Only in the San Francisco Bay Area did the story cross over from the sports pages to the news pages: on October 30, 2009, Tim Lincecum, the Giants' ace pitcher, was stopped by a Washington State Highway Patrol officer for driving 74 MPH on Interstate 5, a few miles north of the Oregon border. Lincecum was on his way home to a suburb of Seattle.
The highway patrolman smelled marijuana and Lincecum acknowledged that he had a pipe in the car, and 3.3 grams of bud — about four joints' worth. Lincecum denied that he had been smoking while driving. The officer wrote him up for speeding and misdemeanor drug possession. A Clark County prosecutor reduced the charge to possession of paraphernalia — an infraction which, unlike drug possession, does not require a mandatory-minimum one day in jail.
A sensible prosecutor named Grant Hansen said that Lincecum had gotten the standard deal offered to cooperative first-time offenders. Henry Shulman of the Chronicle wrote, "Hansen said typically there are 15 to 20 similar cases in his county each week, mostly from young people from the area, and all are treated this way." The prosecutor put the episode in proper perspective: Tim Lincecum is a young person who did what young people often do.
Lincecum was supposed to pay a $250 fine for possessing the pipe, and $122 more for speeding. But a publicity-seeking judge insisted that he appear in person for sentencing Dec. 22, so that he, the judge, could deliver a lecture and get his 15 minutes of fame.
Lincecum's pot bust did not generate one-tenth the media attention inspired by a photo of Michael Phelps holding a bong earlier that year. Given the relative popularity of baseball and swimming in the US, Lincecum is arguably as big a star as Phelps. (He had won two consecutive Cy Young awards, an unprecedented honor.) Unlike Phelps, who was just passing the bong at someone else's party, Lincecum owned the pipe and the marijuana, and he was driving over the speed limit. So why the drastically reduced media interest? What happened in the 10 months between Phelps's exposure and Lincecum's?
Evidently, the stigma of marijuana use was diminishing fast.
Lincecum's pot bust created unbearable cognitive dissonance for Scott Ostler, the Official Hall Monitor of the Sporting Green, (Cognitive dissonance is "uncomfortable tension caused by holding two contradictory ideas simultaneously"). Ostler was then writing a regular feature called "Knucklehead(s) of the Week," ridiculing athletes whose foibles had become known to the public. He expressed 30-inches of uncomfortable tension over the Lincecum bust in a column headed "High crime? Nope, just stupid."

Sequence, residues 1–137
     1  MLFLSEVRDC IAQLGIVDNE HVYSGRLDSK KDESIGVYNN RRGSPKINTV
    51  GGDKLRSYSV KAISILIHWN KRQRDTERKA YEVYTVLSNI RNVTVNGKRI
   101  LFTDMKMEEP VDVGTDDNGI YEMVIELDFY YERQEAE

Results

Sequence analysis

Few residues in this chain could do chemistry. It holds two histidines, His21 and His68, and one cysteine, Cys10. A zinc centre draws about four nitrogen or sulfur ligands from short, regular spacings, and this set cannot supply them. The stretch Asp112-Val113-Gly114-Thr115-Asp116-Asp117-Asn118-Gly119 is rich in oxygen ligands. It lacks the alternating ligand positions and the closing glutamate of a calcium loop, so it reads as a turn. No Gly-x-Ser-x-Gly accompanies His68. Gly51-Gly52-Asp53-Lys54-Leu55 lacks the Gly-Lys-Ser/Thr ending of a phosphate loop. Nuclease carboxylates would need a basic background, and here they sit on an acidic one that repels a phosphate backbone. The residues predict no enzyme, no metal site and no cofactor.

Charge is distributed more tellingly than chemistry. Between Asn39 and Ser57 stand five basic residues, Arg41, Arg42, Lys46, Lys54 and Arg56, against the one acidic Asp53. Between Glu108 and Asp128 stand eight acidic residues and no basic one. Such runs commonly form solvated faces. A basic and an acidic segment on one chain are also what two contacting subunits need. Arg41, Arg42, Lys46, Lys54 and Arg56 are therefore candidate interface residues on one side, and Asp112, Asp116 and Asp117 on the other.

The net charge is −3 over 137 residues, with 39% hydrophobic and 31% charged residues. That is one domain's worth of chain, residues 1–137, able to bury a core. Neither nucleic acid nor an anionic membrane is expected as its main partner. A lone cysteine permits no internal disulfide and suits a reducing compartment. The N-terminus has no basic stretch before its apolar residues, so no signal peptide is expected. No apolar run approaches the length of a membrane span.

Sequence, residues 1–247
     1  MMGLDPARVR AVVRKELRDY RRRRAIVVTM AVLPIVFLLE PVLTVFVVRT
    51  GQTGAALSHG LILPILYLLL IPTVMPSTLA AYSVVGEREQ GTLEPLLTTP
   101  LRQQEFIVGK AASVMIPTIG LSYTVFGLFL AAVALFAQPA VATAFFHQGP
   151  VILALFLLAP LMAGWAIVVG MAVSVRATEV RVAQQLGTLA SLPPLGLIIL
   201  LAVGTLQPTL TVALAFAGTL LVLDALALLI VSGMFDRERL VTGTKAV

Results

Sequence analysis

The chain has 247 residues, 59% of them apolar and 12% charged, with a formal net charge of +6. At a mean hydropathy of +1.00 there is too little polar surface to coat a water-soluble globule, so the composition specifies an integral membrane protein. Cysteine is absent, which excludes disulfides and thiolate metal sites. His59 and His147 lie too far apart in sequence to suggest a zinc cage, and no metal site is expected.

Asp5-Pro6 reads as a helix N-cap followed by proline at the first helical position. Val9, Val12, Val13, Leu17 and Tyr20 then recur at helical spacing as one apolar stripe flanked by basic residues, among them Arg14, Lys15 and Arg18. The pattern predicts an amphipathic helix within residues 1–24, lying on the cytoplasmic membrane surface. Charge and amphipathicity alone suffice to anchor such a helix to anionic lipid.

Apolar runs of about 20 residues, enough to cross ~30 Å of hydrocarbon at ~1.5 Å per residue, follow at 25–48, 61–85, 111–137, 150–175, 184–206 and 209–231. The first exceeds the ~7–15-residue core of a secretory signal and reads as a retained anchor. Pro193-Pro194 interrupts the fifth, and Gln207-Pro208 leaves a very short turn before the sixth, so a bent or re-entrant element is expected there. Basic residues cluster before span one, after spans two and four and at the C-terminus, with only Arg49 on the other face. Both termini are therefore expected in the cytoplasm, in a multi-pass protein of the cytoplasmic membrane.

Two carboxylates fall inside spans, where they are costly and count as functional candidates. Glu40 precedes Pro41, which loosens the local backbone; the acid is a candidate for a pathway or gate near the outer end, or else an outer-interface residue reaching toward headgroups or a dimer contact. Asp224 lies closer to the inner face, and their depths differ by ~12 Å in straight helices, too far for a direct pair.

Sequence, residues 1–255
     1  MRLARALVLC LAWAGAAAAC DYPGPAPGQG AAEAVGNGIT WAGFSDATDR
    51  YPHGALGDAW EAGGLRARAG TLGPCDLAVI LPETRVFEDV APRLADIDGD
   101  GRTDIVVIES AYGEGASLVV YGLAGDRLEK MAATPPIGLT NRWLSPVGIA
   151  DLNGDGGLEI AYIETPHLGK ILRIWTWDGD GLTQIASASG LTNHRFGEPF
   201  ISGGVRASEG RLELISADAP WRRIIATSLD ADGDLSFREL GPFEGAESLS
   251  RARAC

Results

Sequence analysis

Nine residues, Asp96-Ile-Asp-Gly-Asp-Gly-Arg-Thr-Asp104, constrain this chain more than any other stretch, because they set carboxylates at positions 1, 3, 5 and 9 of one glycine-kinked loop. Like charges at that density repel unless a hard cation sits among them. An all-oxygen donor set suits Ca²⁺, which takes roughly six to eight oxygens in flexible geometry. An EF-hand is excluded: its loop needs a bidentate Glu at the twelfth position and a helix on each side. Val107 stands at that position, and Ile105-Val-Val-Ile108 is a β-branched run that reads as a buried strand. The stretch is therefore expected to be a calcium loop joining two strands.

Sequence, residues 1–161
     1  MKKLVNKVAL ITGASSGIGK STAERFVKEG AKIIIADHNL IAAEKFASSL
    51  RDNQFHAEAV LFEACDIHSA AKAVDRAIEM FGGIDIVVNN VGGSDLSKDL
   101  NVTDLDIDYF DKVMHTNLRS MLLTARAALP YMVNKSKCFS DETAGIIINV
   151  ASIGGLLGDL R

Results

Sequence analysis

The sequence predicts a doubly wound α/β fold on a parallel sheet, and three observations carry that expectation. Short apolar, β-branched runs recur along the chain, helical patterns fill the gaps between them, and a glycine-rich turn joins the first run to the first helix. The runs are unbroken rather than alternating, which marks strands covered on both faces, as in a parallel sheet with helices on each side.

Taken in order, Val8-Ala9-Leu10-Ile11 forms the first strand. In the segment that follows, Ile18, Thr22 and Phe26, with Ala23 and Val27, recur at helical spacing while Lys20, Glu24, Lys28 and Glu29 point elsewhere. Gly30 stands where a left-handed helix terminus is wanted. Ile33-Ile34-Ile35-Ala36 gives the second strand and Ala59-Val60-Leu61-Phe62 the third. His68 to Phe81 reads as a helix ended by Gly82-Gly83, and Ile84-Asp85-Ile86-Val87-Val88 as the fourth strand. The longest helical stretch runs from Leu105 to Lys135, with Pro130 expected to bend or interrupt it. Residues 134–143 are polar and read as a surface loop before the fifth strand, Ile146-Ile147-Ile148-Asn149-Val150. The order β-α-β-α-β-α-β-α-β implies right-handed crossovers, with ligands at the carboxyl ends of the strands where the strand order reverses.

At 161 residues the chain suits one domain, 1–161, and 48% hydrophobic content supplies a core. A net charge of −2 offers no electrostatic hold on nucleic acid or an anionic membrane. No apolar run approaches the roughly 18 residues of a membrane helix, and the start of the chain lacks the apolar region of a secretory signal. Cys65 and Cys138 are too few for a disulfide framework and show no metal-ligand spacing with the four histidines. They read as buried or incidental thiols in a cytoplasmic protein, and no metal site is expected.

Ostler is supposed to be some kind of humorist. If jokes were hits, he'd bat about .173. He assumes that disdaining marijuana is a marker for "character." It's actually a marker for obedience.
Recognizing that his readers tend to be tolerant, Ostler wrote: "Lincecum will get off easy in the Bay Area court of public opinion. In fact, his moment of reefer madness might even enhance his stature as a free-spirited goofball."
Lincecum's stature is based on his curveball and his fastball, not being a “goofball.” AJ Liebling, the great press critic, hated psycholgizing by sportswriters (a trend that began in the pages of th New York Post in the early 1950s). If I knew where my copy of Libling’s Wayward Press was, I'd find the apt quote. Instead, we return to Ostler's column:
"Sifting through the reader responses on our Web site, my eyes grew weary looking for even one demand for Lincecum to be punished by MLB or the Giants."
Ostler must have finally found one because he put a harsh ttsk-tsker's comment on the front page of the sports section in bold type to accompany his column.